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GDPR for Therapists

In the Autumn 2018 issue of Reflexions, our quarterly WebHealer article was titled "GDPR for Therapists" and traced the history of internet adoption in the therapy sector and looks ahead to where we are likely to be in 4 or 5 years.


GDPR for Therapists

Now the dust has settled after the launch of GDPR it is timely to consider what it means in practice.

An important confusion to clear up first is that the EU General Data Protection Regulation (GDPR) is not a website problem as such. Your website may be the place where you publicy display your Privacy Policy just as you display your contact details and qualifications, but GDPR is all about how you process Personal Information and that happens in many situations. For example when someone

1. Emails you with an enquiry
2. Calls you and gives you their phone number
3. Writes you a letter
4. Sends an enquiry through your website
5. Comes for an appointment during which you record case notes

GDPR wants you to give considered thought as to how you handle that personal information, how you store it and how long you retain it. The people who's information you process should also know what their rights are and you should have mechanisms to correct or erase any information you hold.

There is limited space in this article so we can only touch on one or two aspects in more detail. For a fuller explanation please download our free eBook “Using the Web to Attract More Clients” from www.webhealer.net. Here’s a summary of the themes covered.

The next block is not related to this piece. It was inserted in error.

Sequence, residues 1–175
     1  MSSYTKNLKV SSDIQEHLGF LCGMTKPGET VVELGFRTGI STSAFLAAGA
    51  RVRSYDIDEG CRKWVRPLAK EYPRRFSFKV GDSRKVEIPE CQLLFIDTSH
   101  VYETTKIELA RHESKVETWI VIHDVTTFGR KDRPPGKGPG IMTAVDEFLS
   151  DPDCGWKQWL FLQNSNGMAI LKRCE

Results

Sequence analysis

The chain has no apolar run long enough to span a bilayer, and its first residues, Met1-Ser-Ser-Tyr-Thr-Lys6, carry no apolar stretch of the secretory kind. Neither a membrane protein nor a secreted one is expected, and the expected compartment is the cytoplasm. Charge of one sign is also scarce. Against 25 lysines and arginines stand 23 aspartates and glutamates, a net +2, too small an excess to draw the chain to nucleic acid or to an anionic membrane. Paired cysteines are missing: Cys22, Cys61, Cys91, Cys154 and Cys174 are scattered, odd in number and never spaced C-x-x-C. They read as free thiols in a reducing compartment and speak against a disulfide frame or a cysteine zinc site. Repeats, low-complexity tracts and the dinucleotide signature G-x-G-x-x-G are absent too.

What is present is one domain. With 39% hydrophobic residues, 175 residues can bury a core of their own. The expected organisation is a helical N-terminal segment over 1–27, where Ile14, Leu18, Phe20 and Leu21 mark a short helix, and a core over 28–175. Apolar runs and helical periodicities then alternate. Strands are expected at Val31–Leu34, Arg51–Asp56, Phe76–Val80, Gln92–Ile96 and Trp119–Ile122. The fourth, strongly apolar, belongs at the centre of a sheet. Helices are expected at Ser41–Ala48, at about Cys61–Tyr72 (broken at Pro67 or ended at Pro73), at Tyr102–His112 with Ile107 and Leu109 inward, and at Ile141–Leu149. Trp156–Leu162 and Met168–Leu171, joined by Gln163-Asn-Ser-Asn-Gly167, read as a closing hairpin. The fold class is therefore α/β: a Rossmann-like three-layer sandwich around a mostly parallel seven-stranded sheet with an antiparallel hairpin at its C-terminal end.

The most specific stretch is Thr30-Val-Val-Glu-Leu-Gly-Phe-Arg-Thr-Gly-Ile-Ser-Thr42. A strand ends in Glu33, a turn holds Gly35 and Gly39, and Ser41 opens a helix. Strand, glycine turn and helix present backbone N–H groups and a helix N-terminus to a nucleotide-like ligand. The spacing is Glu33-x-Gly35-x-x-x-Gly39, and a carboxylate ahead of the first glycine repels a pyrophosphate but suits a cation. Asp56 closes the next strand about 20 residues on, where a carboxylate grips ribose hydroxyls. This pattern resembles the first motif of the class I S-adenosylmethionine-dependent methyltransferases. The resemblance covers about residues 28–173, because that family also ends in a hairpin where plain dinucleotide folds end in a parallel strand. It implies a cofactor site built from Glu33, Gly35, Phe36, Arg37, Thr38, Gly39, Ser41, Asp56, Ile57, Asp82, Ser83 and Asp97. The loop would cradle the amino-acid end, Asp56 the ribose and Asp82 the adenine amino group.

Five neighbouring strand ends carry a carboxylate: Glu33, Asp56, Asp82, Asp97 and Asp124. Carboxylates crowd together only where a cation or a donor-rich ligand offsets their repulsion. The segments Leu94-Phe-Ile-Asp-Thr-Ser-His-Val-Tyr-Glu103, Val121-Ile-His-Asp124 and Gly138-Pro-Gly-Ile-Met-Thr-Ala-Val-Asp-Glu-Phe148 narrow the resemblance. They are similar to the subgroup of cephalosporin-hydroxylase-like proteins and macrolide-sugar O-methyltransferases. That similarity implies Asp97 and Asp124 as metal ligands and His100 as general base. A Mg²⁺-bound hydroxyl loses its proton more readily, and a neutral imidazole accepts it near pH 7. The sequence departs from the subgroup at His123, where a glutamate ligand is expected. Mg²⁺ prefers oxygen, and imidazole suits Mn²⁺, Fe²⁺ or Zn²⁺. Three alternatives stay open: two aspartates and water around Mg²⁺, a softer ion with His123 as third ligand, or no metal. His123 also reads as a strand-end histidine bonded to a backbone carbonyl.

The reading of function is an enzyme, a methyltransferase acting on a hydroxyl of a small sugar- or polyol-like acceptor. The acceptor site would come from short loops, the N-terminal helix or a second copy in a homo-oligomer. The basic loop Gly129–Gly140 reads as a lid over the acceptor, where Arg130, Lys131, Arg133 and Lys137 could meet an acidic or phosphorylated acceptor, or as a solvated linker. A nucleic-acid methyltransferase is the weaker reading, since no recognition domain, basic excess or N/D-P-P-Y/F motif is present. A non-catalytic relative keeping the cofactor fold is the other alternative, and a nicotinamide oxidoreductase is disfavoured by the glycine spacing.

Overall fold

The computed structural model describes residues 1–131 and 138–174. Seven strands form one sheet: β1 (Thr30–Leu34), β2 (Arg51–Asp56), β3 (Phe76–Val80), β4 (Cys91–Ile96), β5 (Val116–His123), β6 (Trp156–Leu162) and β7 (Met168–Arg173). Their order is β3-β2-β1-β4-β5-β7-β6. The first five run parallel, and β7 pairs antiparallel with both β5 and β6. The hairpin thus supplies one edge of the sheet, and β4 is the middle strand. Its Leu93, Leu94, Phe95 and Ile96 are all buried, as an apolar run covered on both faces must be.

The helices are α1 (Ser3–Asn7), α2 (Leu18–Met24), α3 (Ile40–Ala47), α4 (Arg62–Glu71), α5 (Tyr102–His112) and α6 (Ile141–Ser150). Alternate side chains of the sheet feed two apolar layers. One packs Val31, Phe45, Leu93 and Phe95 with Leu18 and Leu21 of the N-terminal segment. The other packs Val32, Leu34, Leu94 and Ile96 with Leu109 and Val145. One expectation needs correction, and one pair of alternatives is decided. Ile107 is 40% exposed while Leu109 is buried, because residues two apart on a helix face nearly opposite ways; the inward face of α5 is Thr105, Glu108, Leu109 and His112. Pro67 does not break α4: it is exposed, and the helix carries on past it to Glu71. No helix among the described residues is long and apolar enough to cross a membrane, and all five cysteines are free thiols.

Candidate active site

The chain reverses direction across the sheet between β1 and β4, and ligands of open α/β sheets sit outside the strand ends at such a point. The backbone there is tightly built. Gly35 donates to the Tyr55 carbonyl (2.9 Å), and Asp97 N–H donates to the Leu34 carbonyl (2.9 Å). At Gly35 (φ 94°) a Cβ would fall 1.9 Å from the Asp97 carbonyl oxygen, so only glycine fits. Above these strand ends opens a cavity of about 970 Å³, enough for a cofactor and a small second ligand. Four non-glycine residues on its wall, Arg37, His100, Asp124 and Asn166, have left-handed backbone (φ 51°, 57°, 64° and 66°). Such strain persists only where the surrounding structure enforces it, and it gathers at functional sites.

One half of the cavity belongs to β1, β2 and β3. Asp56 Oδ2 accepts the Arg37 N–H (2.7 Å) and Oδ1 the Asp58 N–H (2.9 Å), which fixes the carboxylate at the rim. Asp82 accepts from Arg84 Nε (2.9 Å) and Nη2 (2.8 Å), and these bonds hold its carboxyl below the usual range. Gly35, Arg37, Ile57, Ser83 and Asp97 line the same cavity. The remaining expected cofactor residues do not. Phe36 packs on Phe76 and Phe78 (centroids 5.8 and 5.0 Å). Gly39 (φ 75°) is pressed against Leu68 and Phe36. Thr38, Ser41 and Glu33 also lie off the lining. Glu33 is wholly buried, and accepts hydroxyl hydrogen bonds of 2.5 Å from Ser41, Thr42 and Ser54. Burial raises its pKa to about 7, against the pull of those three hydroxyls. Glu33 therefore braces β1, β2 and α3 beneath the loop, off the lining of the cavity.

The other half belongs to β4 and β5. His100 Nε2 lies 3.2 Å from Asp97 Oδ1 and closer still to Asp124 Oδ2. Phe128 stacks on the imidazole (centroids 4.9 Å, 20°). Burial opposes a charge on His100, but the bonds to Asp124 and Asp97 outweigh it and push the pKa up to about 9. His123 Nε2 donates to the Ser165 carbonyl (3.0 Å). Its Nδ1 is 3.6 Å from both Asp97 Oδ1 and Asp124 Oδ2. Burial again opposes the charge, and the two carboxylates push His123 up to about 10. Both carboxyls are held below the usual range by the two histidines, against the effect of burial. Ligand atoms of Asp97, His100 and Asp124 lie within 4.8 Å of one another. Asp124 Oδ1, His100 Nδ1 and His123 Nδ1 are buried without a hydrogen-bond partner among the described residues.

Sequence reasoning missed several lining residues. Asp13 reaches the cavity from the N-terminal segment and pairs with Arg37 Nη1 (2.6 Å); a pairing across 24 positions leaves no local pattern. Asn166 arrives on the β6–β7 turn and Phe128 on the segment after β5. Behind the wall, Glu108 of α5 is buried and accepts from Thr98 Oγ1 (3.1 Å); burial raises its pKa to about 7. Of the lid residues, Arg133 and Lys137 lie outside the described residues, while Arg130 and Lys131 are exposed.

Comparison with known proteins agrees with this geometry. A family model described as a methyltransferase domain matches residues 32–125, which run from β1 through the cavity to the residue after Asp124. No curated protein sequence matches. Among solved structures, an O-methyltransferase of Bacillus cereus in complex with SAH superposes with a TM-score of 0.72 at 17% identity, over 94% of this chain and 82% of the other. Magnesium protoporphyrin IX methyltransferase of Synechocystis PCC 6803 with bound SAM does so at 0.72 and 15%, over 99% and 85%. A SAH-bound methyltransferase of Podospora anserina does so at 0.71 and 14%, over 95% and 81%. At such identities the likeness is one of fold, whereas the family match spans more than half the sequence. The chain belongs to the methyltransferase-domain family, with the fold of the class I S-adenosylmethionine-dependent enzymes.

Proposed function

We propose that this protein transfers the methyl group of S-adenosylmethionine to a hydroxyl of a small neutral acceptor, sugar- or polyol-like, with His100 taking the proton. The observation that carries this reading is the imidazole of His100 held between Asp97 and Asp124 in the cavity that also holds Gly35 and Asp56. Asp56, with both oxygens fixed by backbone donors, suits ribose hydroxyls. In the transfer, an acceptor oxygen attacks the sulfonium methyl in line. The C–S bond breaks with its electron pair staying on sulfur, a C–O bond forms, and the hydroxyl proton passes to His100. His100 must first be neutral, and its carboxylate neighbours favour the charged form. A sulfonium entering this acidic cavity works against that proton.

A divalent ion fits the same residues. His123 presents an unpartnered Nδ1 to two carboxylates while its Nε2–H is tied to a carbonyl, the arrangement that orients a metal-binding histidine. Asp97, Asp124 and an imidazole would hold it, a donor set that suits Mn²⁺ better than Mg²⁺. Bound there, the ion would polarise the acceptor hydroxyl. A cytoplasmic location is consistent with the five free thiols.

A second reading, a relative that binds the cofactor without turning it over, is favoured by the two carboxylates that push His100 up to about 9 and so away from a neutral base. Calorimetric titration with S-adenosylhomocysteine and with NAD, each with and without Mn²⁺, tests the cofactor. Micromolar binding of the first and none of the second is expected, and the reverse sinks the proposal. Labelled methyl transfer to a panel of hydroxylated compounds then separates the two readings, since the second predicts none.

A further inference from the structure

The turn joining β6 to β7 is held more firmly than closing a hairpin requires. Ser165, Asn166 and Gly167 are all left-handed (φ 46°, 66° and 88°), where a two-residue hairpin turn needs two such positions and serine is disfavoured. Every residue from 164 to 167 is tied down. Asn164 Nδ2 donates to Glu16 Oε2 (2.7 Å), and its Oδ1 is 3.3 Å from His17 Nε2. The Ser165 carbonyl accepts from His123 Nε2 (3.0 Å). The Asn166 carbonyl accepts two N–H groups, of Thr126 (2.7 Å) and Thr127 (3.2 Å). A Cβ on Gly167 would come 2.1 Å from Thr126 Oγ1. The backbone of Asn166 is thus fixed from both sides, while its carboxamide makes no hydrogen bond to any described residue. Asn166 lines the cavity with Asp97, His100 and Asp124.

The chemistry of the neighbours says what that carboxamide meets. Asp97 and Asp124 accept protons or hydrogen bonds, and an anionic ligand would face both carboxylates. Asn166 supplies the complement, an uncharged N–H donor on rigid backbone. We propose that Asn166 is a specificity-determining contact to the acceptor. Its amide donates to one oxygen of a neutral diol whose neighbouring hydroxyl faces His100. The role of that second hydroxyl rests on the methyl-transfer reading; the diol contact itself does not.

Contract v Consent
These are technical terms with specific meaning. They refer to whether you use information in order to communicate and work with a client or to market to them. You need to understand the difference as processing on the basis of “Consent” (i.e. marketing) can easily, even accidentally, be abused. It therefore comes with greater responsibilities.

Fear and The Kitchen Sink Approach
Alarmist stories in the press have led many to "throw the whole kitchen sink in" to their Privacy Policy for fear of missing something and still be anxious that they have overlooked an important area. Take comfort however that a therapist who doesn’t use sophisticated “big data” will come under much less scrutiny than an Amazon or Facebook. Elizabeth Denham the UK Information Commissioner even stated “We are not looking for perfection. It’s nonsense to think the regulator is going to be making early examples of small businesses by levying large fines"

Website Specific Issues
See our eBook for more details on the placement of Privacy Notices on your website. We also explain the relationship between a Privacy Policy and a Cookie Policy. If you are a WebHealer customer are you aware that we have created additional dedicated space for your Privacy Policy and automatically add links to it from Contact Forms?


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